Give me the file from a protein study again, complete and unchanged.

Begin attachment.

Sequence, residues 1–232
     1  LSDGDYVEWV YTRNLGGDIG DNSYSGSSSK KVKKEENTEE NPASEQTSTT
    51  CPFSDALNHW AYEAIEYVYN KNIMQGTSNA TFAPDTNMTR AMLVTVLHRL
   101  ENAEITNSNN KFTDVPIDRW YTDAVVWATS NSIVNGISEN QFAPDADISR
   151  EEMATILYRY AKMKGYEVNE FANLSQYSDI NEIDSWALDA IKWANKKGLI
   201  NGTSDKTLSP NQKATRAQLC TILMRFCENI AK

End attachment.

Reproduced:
Sequence, residues 1–232
     1  LSDGDYVEWV YTRNLGGDIG DNSYSGSSSK KVKKEENTEE NPASEQTSTT
    51  CPFSDALNHW AYEAIEYVYN KNIMQGTSNA TFAPDTNMTR AMLVTVLHRL
   101  ENAEITNSNN KFTDVPIDRW YTDAVVWATS NSIVNGISEN QFAPDADISR
   151  EEMATILYRY AKMKGYEVNE FANLSQYSDI NEIDSWALDA IKWANKKGLI
   201  NGTSDKTLSP NQKATRAQLC TILMRFCENI AK